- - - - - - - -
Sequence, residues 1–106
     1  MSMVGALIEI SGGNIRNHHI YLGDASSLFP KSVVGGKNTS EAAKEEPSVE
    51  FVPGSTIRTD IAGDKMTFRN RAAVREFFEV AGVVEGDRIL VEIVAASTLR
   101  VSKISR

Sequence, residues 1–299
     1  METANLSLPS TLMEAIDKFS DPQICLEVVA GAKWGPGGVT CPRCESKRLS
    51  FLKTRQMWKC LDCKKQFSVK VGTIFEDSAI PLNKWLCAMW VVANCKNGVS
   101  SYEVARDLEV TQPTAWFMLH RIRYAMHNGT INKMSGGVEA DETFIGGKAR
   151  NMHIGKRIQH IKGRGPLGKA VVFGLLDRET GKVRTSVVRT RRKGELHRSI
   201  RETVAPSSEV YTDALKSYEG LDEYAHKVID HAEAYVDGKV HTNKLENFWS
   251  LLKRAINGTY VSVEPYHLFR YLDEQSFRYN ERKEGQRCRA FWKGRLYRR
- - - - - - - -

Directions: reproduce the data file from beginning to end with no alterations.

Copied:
Sequence, residues 1–106
     1  MSMVGALIEI SGGNIRNHHI YLGDASSLFP KSVVGGKNTS EAAKEEPSVE
    51  FVPGSTIRTD IAGDKMTFRN RAAVREFFEV AGVVEGDRIL VEIVAASTLR
   101  VSKISR

Sequence, residues 1–299
     1  METANLSLPS TLMEAIDKFS DPQICLEVVA GAKWGPGGVT CPRCESKRLS
    51  FLKTRQMWKC LDCKKQFSVK VGTIFEDSAI PLNKWLCAMW VVANCKNGVS
   101  SYEVARDLEV TQPTAWFMLH RIRYAMHNGT INKMSGGVEA DETFIGGKAR
   151  NMHIGKRIQH IKGRGPLGKA VVFGLLDRET GKVRTSVVRT RRKGELHRSI
   201  RETVAPSSEV YTDALKSYEG LDEYAHKVID HAEAYVDGKV HTNKLENFWS
   251  LLKRAINGTY VSVEPYHLFR YLDEQSFRYN ERKEGQRCRA FWKGRLYRR